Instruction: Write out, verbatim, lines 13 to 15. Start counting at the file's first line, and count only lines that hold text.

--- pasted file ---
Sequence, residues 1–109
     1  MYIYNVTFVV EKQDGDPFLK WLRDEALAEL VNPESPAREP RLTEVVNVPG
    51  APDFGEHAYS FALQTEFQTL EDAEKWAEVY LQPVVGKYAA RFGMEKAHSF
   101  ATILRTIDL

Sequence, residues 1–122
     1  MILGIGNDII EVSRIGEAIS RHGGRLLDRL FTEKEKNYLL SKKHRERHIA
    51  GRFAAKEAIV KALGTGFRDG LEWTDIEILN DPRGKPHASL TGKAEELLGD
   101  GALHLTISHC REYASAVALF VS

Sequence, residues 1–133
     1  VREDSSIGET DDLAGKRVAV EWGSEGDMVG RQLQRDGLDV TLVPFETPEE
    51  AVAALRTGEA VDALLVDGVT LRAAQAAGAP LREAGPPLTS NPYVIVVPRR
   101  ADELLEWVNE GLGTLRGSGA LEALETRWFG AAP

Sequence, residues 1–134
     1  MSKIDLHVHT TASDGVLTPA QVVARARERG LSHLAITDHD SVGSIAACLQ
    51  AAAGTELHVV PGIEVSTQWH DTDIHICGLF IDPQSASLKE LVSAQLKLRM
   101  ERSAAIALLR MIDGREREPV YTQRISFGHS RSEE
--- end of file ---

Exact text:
Sequence, residues 1–134
     1  MSKIDLHVHT TASDGVLTPA QVVARARERG LSHLAITDHD SVGSIAACLQ
    51  AAAGTELHVV PGIEVSTQWH DTDIHICGLF IDPQSASLKE LVSAQLKLRM